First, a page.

Is learning SAP Business One helpful in running my own online business of Supply Chain Management services?

I am a CPA but I was wondering if SAP Business One would be helpful in running my own online business of Supply Chain Management services.


Dear SCM User,
With SAP SCM if you know how it works, you could rise customer expectations, run increasingly complex supply networks, and achieve faster-than-fast responsiveness . The solution cover everything from demand planning to inventory management and use technologies such as the Internet of Things, RFID, and advanced analytics to help you run a real-time supply chain.

If you are a noob in supply chain and mainly order I recommend you to do some crash courses provided my Udemy/Quora or stackoverflow e.g with focus in supply chain. With SCM software you can run a real-time supply chain but consider that the licences service is pretty expensive if you are consider running an individual business.

Interesting for you could be also combining Sap capabilities with Hybris that is helping a lot for a new e-commerce platform an enhancing your supply chain capabilities services.

Furthermore you can think on a CRM solution too. It depends on your budgeting strategy and how you prioritise your tasks.

Also Business One is a full ERP solution so which package do you really want and need?

Let me know if you need something more. Worked a lot in Product Management i have a deep focus on this matter. Best francesco

Answered 7 years ago

No, it is like asking, "Do I have to be a pilot for travelling to London for business?". You don't need to learn SAP for a good business, just appoint a good employee for that work. You must focus upon the management of business, focus upon sales.

All the best.

Answered 7 years ago

To understand whether SAP Business One will be helpful in Supply Chain Management, you must understand the supply chain management.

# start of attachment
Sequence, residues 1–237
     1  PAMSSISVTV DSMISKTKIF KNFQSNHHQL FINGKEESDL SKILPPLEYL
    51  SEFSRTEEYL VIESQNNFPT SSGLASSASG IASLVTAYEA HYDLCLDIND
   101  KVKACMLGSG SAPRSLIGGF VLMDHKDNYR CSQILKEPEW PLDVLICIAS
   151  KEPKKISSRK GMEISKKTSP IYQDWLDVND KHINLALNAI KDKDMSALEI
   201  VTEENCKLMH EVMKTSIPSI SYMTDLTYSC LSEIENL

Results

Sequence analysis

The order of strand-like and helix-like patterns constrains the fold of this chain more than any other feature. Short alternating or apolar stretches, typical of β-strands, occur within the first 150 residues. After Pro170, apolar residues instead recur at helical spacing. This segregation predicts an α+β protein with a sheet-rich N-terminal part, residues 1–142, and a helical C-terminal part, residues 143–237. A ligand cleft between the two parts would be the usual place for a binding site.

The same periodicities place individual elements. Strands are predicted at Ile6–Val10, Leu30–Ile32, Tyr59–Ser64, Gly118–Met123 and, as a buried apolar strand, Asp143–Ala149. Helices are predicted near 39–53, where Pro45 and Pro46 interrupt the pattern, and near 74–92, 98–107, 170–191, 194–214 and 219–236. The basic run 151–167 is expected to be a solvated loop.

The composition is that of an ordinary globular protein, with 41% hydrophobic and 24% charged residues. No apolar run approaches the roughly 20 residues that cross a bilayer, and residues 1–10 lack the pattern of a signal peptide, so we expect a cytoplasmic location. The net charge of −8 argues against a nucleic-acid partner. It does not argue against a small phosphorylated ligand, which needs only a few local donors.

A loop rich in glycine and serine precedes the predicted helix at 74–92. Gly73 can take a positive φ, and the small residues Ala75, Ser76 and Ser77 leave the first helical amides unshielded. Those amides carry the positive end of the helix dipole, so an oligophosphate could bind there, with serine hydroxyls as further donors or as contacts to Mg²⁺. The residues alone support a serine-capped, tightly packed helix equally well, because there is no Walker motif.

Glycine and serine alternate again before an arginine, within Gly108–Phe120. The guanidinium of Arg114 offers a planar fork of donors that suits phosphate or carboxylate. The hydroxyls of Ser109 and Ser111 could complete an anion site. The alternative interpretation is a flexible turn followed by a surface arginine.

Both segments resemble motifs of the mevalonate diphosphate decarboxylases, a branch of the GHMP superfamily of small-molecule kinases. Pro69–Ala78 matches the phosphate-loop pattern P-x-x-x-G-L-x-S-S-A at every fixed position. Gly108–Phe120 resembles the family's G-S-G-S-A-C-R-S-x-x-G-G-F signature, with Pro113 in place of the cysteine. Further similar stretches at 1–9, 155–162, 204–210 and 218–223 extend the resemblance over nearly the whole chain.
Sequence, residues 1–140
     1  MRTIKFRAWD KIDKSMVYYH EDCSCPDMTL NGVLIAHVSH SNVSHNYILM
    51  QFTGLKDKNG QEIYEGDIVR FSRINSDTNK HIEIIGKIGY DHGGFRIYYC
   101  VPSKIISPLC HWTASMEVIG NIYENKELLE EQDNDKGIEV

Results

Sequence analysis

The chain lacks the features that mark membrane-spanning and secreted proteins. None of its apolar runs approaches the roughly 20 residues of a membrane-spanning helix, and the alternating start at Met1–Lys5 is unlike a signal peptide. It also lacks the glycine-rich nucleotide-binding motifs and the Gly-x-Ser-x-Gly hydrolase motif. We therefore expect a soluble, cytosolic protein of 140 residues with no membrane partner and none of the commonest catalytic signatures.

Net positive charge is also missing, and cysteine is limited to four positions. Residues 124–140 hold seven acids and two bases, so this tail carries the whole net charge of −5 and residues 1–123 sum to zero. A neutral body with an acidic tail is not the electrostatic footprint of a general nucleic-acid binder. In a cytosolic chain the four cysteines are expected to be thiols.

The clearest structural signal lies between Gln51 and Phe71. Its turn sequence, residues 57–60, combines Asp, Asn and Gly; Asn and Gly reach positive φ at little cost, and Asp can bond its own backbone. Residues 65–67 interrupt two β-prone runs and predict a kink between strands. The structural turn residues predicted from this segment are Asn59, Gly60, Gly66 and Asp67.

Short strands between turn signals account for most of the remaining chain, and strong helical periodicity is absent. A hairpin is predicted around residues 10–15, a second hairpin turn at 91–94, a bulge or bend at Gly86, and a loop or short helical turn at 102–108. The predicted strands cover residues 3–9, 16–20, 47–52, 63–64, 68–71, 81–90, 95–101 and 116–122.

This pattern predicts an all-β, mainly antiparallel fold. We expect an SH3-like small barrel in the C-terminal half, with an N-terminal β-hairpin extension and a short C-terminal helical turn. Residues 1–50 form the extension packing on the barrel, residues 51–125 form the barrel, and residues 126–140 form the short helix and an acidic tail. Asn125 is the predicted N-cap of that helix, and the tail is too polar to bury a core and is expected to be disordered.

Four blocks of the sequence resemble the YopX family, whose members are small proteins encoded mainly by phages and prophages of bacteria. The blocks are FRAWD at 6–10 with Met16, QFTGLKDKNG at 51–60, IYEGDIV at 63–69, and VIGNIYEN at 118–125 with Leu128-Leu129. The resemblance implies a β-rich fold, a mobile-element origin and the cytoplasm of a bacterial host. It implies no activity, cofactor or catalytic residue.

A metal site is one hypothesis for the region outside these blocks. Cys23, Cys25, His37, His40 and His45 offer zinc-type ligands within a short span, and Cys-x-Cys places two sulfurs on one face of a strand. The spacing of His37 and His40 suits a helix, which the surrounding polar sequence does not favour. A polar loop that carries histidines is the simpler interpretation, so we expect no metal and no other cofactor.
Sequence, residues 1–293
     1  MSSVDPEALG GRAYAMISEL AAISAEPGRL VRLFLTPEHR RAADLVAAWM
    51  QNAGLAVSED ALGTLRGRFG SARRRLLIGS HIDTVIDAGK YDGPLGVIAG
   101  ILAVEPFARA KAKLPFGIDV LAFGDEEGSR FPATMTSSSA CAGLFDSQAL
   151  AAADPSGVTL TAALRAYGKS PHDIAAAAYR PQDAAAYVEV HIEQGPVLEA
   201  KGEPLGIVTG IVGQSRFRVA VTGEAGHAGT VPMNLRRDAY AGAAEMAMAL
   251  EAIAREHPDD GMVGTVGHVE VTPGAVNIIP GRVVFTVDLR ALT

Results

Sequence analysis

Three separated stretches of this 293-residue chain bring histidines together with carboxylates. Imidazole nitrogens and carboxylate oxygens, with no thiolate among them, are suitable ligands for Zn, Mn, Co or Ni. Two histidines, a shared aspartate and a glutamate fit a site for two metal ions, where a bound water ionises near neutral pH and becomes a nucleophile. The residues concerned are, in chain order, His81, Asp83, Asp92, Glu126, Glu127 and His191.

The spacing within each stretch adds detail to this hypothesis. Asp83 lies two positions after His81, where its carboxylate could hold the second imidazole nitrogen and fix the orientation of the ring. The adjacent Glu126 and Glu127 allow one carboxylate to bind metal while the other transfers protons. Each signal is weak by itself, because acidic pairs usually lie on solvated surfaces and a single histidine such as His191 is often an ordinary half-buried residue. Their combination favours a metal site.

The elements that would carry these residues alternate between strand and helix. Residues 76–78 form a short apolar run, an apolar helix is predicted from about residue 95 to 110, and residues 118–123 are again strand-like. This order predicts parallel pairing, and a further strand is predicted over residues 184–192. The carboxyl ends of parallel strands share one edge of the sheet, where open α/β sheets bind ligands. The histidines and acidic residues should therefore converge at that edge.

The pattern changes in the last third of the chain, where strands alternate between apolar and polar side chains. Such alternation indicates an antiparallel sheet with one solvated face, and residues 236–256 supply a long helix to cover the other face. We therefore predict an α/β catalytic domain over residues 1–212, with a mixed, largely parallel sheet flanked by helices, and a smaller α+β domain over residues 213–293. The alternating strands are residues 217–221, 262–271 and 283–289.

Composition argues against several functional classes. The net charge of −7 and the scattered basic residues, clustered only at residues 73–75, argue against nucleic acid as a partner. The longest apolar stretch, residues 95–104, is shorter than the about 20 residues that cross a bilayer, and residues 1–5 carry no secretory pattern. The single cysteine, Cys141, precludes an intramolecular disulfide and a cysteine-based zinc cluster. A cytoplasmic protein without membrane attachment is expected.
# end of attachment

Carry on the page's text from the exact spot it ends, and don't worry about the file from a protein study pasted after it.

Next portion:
A supply chain is a collection of suppliers to create one specific product for a company. The chain is made up of ‘links’ which can include:
a) Multiple manufacturers for parts.
b) Completed product.
c) Warehouse for storing the product.
d) Distribution centres; and
e) Store where a consumer can purchase the product.
The supply chain not only includes the manufacturer and its suppliers, but also – depending on the logistic flows – encompasses:
i. Transporters.
ii. Warehouses.
iii. Retailers.
iv. Consumers.
v. Also includes:
a. New product development,
b. Marketing,
c. Operations,
d. Distribution,
e. Finance,
f. Customer service.
The concept of chain is important because each link is connected in a specific direction and order, and the next link cannot be reached without going through the previous one. Each link adds time and costs and can involve labour, parts, and transportation. Every product a company carries may have its own supply chain; they may use certain suppliers for multiple products. That’s why this gets so complicated, especially for international supply chains.
The process described above is that of a typical retail supply chain. However, there are many different types in practice. Here are three examples from well-known supply chains:
a) Big Box supply chain – Walmart
b) E-commerce platform supply chain – Amazon
c) Specialised own supply chain – Tesla
Big Box Supply Chain: This model – e.g. Walmart – thrives on size and well-planned supply chains to drive out the competition. This is how it does so:
1) Buys more generic goods directly from manufacturers, and not from suppliers.
2) Uses ‘Vendor Managed Inventory’ which ensures that manufacturers are responsible for managing products in Walmart’s warehouses.
3) Deals only with those suppliers who can meet:
a. The quantity,
b. Frequency desired,
c. Low prices, and
d. Location that limits transportation needs.
Thus, they manage their supply chain like one firm, with all partners operating on the same communication network. The result is that this system reduces links in the supply chain and cost per item, translating to low prices for consumers.
E-Commerce Platforms: E-commerce online shops – e.g. Amazon, Alibaba, and innumerable others in various countries – are a perfect example of unique supply chains. They ship from distribution centre to consumer’s home directly, thus cutting the retail store out. Where online stores like Amazon innovate is both in their supplier-side and the final supply chain link delivery.
Let us take the example of Amazon. Just about anyone can sell things on Amazon because it is a platform, not just a shop. It differentiates itself because:
1) It probably has more things than any other online store.
2) It offers everyday goods cheaply.
3) It underbids suppliers.
4) Its warehouses make serious use of automation to store items going to similar destinations together, ready for immediate transport.
5) Its investments in delivery staff and technology make 2-day shipping a basic exception, and even same-day delivery a possibility.